Question about MMA/Boxing - "Natural" Weight Class Question about MMA/Boxing - "Natural" Weight Class - Page 2

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Thread: Question about MMA/Boxing - "Natural" Weight Class

  1. #11
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    The problem is the completely outdated weight classes. In boxing everything over 200lbs is a heavyweight. That made sense in 1930 but doesn't make sense today. MMA could have fixed it but didn't (probably has something to do with them falling under the same commissions that control boxing and having to conform to their ideas of weight classes). You pretty much have no chance of being 6ft or less and fighting heavyweight irregardless of muscle mass because there is going to be someone else with a decent amount of muscle mass that is 4+ inches taller than you. A very few people can pull it off (Mike Tyson) but the odds just aren't in your favor.

    Heavyweight should be 220lb or so and up, light heavyweight 200-220 lbs and work your way down from there. Light heavyweight would be a mix of taller/moderately built fighters and short built fighters. Heavyweight can be all the 6'3''+ 250+lbers.

  2. #12
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    The real problem with boxing is fighters have too much time to rehydrate. If it was same day weighins many fighters can't pull off the bullshit of fighting e.g 147lb and on fight night weighing in at 160lb. If they came in on the scale at 147lb at fight night they would effectively be a walking, talking zombie. After a couple of zombies, fighters would learn there lesson and move up to there natural weight class.

  3. #13
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    Quote Originally Posted by Floid View Post
    The problem is the completely outdated weight classes. In boxing everything over 200lbs is a heavyweight. That made sense in 1930 but doesn't make sense today. MMA could have fixed it but didn't (probably has something to do with them falling under the same commissions that control boxing and having to conform to their ideas of weight classes). You pretty much have no chance of being 6ft or less and fighting heavyweight irregardless of muscle mass because there is going to be someone else with a decent amount of muscle mass that is 4+ inches taller than you. A very few people can pull it off (Mike Tyson) but the odds just aren't in your favor.

    Heavyweight should be 220lb or so and up, light heavyweight 200-220 lbs and work your way down from there. Light heavyweight would be a mix of taller/moderately built fighters and short built fighters. Heavyweight can be all the 6'3''+ 250+lbers.
    I agree with this. I'm only 5'5 and when I trained Muay Thai, the only weight class that made sense for me to be in was 135lbs. This really sucked because I feel more comfortable at a weight of 160-170lbs, but then I'd be fighting 6'0 guys with a reach that would destroy me.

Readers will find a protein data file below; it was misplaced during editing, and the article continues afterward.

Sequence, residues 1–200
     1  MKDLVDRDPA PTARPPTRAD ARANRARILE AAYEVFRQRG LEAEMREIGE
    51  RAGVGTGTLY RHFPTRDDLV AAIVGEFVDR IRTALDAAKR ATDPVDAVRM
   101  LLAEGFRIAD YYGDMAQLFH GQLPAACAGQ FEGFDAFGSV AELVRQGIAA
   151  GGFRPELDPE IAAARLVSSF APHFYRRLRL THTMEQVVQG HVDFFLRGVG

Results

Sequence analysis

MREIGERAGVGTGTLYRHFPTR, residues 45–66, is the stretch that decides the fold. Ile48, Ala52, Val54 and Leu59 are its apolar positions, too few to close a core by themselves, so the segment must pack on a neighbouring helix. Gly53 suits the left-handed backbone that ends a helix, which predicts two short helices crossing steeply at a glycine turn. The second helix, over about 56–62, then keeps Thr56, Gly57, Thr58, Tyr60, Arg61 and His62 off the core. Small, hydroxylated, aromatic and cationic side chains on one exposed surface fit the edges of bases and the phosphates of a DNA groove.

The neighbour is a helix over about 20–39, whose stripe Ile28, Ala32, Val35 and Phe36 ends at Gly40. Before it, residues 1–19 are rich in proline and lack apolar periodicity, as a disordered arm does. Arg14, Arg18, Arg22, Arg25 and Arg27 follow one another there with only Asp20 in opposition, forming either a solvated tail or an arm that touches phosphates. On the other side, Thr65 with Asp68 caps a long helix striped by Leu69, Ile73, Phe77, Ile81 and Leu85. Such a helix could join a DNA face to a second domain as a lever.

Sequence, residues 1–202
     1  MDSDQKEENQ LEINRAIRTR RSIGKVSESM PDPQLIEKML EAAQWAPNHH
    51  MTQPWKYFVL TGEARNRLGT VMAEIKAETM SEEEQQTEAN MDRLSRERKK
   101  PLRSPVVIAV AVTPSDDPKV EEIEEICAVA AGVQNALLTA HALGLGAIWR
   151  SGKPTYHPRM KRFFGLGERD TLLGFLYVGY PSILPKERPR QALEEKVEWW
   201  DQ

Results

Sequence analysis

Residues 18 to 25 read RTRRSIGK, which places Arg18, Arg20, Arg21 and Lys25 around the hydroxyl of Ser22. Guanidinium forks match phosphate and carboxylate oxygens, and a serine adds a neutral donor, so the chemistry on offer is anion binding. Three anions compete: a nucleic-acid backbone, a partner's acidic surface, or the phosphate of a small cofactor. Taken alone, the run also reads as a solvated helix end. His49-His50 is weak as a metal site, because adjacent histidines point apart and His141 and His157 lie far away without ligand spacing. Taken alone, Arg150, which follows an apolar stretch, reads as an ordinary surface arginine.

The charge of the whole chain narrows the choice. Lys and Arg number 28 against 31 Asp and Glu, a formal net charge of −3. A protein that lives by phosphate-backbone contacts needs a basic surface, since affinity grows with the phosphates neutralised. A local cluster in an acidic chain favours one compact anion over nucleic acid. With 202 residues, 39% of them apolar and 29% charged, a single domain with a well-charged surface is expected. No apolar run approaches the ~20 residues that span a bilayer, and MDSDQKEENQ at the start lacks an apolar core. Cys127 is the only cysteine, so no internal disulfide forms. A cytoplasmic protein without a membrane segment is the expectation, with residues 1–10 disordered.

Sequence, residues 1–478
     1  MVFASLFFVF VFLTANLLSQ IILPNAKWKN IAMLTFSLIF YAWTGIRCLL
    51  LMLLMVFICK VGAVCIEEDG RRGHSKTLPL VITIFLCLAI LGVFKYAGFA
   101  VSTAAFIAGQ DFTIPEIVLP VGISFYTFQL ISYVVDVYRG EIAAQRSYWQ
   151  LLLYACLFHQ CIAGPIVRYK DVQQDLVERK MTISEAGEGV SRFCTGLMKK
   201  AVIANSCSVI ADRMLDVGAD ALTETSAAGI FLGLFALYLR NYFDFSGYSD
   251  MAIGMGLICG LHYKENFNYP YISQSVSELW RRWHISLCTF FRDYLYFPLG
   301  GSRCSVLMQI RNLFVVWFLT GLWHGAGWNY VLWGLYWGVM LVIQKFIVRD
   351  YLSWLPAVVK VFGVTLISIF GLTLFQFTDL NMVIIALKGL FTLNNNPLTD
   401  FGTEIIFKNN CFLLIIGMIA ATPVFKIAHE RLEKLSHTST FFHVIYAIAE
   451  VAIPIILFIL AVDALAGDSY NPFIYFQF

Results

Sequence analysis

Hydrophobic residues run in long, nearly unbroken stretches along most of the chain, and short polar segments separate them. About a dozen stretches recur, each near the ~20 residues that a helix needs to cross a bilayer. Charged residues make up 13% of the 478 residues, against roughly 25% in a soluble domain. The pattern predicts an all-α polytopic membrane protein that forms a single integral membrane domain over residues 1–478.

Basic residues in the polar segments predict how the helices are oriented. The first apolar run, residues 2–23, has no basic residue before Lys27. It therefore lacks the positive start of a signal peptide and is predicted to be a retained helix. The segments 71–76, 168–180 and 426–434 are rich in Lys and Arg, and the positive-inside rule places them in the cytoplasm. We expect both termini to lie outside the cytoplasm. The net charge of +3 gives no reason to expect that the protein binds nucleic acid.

Meh, such is life I guess....

  4. #14
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    You want stupid-ass weight categories? Look at the ones for women in Olympic lifting.

    The highest weight class starts at 165 lbs. So a woman at 185 either needs to drop over 20 lbs or compete against ones who weigh up to 100 more lbs.

  5. #15
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    Quote Originally Posted by Mark Rippetoe View Post
    Right. But I'm thinking 225 instead of 205.
    The shitty part about this is that a 225 lb MMA fighter doesn't really have a home. He's 20lbs over LHW and The HW limit is 265. So the guy who might perform optimally at 225 is going to be outweighed by up to 40 lbs by some of his opponents. MMA would benefit greatly from a 230 lb weight class.

  6. #16
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    Quote Originally Posted by Andy Baker (KSC) View Post
    The shitty part about this is that a 225 lb MMA fighter doesn't really have a home. He's 20lbs over LHW and The HW limit is 265. So the guy who might perform optimally at 225 is going to be outweighed by up to 40 lbs by some of his opponents. MMA would benefit greatly from a 230 lb weight class.
    A lot of people fighting in the light heavyweight division weighs around 105 kilos when not in camp, I know Ilir Latifi and Gustafsson does. I have a teammate who walks around at 75 kilos, diets down to around 68 and fights in 61 kilos so a lot of people cut massive amounts of weight. If there were a 230 pound division, the already thin heavyweight division would be cut in half and although that may be a good option later when there are more fighters, right now I think it would destroy the heavyweight division.

  7. #17
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    Quote Originally Posted by Andy Baker (KSC) View Post
    The shitty part about this is that a 225 lb MMA fighter doesn't really have a home. He's 20lbs over LHW and The HW limit is 265. So the guy who might perform optimally at 225 is going to be outweighed by up to 40 lbs by some of his opponents. MMA would benefit greatly from a 230 lb weight class.
    Heavyweight does tend to be a bit of an exception though. So far it seems 240lbs has shown to be the biggest a fighter can be without cardio being a significant weakness. (This may change in the future i guess) Cain Velasquez is a chubby 230 and lost only once to a guy he destroyed twice afterwards!

    Also too many weight classes could have negative effect on mass appeal. I think it would also make someone detrimentally bulk up when they wouldn't otherwise if they wanted to challenge the champ at the next weight class. Eg if brock lesnar couldn't make 265lbs we may all think he was too big & bad for the smaller heavyweights! Cain or the fans wouldn't have the opportunity to get that fight.

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